Reviewed in the United States on February 16, 2017
I like the cover and the name of the book and also the title character. The character is certainly memorable—a chain-smoking Russian woman, alleged to be related to Stalin, whose favorite word seems to be “fooked.” She apparently has a problem with squirrels in her attic—at this point, I’m not sure whether that’s a metaphor or not. So, she buys a chainsaw—hence the name and trims all her trees so that there are no branches. Come to find out that Jane reads tarot Card and helps the police find the missing. They bring a missing woman case, and Jane foretells its whereabouts. The author starts losing me when she insists on interjecting her political views about hunting and the Second Amendment into the narrative in language so colorful Amazon prohibits me republishing it. But, it’s quite a visual imagery that the author creates—talk about painting a word picture. Our second Amendment rights are hard to understand for some, but I digress. Hopefully, I’ve edited out all the offending words including guns. My advice to the author and any other anti-guns zealot out there: Don't like guns? Don't buy one. Don't like the Second Amendment? Move to France. It looks like she took my advice on the latter. I’d be happy to debate the reasoning for the 2nd amendment with anyone, especially the author, any day of the week. Spoiler alert, it’s not about hunting, but that is one acceptable outlet for it. The trouble with writing about political views in a narrative is that you risk alienating some of your potential audience. If you're fine with that, have at it. There are a few minor grammatical issues, but it’s not bad enough to be distracting. The characters in the book are quirky, and it occurred to me that it’s fine to have quirky characters if there is a point to them and if their quirks aren’t off-putting, i.e. a woman who has a pet rat as a companion—yeah, she would not be riding in my car.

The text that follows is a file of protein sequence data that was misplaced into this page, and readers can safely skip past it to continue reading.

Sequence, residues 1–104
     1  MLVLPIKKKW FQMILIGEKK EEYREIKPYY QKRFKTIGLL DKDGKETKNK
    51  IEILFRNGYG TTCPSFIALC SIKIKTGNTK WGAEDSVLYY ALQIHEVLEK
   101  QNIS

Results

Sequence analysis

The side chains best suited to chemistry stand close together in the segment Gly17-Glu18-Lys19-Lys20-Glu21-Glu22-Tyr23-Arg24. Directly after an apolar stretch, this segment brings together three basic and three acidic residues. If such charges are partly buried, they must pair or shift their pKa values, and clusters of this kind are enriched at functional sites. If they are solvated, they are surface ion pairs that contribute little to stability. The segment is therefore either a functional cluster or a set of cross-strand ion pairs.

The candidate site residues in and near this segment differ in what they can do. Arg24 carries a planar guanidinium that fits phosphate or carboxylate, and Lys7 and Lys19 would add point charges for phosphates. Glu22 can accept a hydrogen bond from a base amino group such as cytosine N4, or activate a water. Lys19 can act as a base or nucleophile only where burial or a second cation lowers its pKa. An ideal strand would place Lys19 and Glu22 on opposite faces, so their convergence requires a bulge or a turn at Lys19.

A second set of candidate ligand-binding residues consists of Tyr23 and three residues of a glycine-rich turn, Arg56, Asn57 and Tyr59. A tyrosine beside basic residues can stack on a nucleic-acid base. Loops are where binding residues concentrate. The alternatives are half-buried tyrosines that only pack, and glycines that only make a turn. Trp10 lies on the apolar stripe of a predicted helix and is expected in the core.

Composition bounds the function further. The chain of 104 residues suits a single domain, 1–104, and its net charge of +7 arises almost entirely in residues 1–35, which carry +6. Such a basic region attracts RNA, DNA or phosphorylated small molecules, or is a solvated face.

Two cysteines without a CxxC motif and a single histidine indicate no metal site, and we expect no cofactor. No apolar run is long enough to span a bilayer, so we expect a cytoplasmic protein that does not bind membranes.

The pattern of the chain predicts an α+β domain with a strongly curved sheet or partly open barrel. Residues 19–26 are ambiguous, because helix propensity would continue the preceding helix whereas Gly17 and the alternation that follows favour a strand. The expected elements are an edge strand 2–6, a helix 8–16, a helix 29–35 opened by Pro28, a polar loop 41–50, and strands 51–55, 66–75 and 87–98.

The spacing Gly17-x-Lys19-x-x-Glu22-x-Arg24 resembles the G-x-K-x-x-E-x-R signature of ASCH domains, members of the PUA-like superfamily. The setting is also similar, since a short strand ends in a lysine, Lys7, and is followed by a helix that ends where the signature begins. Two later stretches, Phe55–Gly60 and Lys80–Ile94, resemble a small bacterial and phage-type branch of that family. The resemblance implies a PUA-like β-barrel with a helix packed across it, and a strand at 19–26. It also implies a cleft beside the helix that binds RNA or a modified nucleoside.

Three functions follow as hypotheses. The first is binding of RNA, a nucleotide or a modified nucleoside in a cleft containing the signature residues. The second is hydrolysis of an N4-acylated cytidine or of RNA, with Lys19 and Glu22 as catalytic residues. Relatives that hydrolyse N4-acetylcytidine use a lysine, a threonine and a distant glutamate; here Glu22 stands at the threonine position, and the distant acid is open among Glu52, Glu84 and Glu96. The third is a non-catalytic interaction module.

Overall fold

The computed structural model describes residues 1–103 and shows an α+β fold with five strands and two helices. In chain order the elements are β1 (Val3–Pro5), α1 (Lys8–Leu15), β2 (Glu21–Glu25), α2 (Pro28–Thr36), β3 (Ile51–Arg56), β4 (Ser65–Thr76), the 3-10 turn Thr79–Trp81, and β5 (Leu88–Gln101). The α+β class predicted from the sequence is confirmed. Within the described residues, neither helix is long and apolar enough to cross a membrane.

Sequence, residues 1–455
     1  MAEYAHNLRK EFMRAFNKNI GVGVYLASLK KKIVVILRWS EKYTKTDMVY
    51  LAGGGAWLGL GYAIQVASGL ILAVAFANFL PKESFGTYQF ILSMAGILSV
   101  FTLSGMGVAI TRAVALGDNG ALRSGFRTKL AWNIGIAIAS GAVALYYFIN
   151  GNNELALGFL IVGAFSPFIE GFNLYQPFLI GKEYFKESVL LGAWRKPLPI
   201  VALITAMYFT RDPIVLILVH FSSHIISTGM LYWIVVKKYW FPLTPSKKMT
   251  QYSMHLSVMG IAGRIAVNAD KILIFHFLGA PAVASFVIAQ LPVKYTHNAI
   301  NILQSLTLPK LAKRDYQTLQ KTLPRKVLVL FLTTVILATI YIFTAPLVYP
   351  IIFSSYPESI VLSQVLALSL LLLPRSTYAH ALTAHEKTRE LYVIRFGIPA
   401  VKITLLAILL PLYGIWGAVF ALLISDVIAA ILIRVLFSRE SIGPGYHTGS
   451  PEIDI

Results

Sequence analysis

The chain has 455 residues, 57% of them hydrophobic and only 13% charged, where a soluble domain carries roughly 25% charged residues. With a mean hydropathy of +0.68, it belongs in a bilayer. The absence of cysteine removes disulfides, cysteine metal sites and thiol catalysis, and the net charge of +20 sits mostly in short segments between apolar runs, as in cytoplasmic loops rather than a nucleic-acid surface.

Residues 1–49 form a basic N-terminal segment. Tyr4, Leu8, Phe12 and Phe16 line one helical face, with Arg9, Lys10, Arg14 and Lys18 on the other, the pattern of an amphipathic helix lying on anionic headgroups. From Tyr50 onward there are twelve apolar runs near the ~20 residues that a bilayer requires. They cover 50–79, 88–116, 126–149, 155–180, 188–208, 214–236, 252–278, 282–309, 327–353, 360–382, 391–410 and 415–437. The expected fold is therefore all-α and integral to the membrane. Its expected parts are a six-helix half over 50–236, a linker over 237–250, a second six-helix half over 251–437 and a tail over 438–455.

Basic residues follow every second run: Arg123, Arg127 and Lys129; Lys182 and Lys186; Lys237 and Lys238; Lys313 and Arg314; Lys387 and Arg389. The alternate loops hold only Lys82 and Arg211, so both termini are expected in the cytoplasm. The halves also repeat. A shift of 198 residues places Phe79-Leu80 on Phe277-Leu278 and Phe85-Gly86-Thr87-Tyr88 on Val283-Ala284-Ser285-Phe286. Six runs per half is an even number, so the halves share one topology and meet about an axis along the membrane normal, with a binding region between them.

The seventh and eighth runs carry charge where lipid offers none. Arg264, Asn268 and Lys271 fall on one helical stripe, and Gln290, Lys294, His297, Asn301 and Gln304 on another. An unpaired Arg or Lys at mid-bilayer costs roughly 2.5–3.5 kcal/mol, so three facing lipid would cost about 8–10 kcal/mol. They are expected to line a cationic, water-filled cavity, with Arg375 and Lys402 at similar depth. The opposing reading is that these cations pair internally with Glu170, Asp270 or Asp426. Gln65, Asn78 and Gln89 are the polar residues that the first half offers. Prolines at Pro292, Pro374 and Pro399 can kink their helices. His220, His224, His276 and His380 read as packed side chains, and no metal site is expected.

It’s an easy read, but there is not enough about the book to make it a truly interesting read for me. Admittedly, I’m an old duffer and set in my ways, and it may well appeal to a younger and more feminine audience. I give the book a healthy three stars. Give it a try, you might like it.